ICC Cricket World Cup 2011 / News
World Cup 2011
South Africa learn to live with 'chokers' tag
February 21, 2011
The reality of being a South African cricketer is that, for the foreseeable future, all of them will be asked about choking. On the eve of a major tournament, they can expect to be asked about it every day, which is exactly what's happened during their time in India so far.
For every match they lose in the competition, even if it not in the throes of a pressure situation, they'll be asked. For every match they win, even if victory is achieved by romping through their opposition, they'll be asked. Even if they go on to win the whole tournament, they'll still be asked. It's their own enthusiastic puppy dog that's going to follow them around and yap at their heels no matter what they do to throw it off.
It was Johan Botha's turn to try today. "People say that previous World Cup sides choked and maybe they did but sometimes you are going to lose the big matches," he said, mildly shooing the puppy away with a flick of his boot. It didn't stop, it started yelping, bouncing excitedly, begging him for a little more attention. He relented. "The Aussies dominated for a long time, so the chokers thing isn't really fair. The same can be said for a lot of other teams. Australia have won it [the World Cup] for the last three times, which means that - like us - no other team won the tournament."
Of course the other teams are not like South Africa, because none of them have crashed out after two consecutive World Cup ties that forced them out of the competition, first when that disastrous run out in 1999 happened and then by failing to read a Duckworth-Lewis sheet correctly like in 2003, or because they allowed the England bowlers to keep them to 301 for 9 in chase of 323 after their captain took them to the brink like in the Champions Trophy in 2009. Those may have been the only instances of real choking, but every other tournament failure - and there have been many - get lumped under the same headline.
That's not going to change and the players seem to be learning that. They've realised that they may as well take the puppy in, raise him and turn him into a pet. At least then they'll have control over it. One example of them doing that is by talking about decreased expectation and, as though reading from a carefully planned press release, Botha just did that. "We realise that the expectation levels back home aren't maybe as high as they have been and for once we are not considered as one of the favourites, but that suits us. We only want to go about our business and reach the knock-out phase."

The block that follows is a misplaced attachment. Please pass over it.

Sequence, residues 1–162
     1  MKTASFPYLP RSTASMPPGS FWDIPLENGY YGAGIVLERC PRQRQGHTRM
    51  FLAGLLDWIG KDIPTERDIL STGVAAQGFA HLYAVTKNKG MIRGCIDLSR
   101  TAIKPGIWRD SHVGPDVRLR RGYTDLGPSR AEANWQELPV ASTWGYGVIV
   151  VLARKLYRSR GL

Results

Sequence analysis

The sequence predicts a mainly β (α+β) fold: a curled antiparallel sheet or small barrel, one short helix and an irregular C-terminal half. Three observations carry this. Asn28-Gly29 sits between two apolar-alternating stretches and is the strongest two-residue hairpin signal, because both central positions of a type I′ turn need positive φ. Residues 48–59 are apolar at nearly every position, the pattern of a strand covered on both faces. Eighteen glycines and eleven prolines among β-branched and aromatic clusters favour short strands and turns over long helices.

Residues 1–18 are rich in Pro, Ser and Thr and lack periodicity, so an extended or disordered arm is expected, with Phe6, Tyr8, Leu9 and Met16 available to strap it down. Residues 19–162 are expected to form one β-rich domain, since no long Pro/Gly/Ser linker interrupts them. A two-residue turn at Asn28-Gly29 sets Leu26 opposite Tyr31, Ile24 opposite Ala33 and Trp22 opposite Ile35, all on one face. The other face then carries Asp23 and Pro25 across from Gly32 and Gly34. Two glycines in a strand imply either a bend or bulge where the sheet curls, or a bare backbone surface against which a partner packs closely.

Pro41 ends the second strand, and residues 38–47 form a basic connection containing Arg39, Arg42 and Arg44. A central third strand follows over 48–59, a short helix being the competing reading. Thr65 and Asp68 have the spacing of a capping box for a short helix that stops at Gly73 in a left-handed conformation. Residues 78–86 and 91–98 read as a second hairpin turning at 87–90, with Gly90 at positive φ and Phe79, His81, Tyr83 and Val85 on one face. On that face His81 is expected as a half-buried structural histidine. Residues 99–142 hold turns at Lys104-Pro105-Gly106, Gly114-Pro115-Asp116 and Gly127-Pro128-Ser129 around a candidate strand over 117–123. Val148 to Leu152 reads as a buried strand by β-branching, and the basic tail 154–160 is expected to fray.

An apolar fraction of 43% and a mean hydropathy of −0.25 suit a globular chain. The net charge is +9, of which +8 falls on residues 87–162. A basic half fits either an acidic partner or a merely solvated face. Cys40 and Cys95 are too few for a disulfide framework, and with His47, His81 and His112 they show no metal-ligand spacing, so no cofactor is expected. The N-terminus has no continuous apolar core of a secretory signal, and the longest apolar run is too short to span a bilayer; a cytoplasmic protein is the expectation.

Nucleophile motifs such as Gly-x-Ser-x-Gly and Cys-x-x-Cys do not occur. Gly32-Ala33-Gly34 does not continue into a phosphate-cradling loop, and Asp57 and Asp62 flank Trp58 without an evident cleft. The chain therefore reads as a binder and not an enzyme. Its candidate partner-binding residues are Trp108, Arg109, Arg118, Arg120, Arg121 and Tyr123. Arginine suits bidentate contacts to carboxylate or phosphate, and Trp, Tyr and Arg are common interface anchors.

The other way of training the puppy is to talk about how different the team has become. A team where the word spin caused most of them to go into one, is now a team that embraces the concept in a bear hug. The spinners themselves finally feel as though they are being treated like part of the team. "In South Africa the spinners perform more of a holding role, to try and restrict the batsmen, but hopefully we can really come into our own over here," Botha said.
He even went as far as to suggest that all the frontline spinners that have come on tour may play in the same match. "It's something new and exciting to see so many spinners in the team. The three of us [Botha, Robin Peterson and Imran Tahir) have worked very hard to be in this position and there's always a chance that all of us could play together." It will be a breakthrough moment in South African cricket should that happen and Botha said given the right "conditions, the wicket and the opposition," all five spinners South Africa have brought tour may end up playing in the same match.
Even after first sweet-talking the puppy, then getting a little more firm with it and eventually trying to steer in a different direction, Botha was still being followed it by it. He was asked how South Africa can compare this tournament to the one in 1996 when they won all their group stage matches and then lost to the West Indies in the quarter-finals. Understandably, he had run out of things to say. "Hopefully things will turn around for us this time. You have to do well in the group matches and then win three knock-out games if you want to be the champion." At least his maths is up to scratch.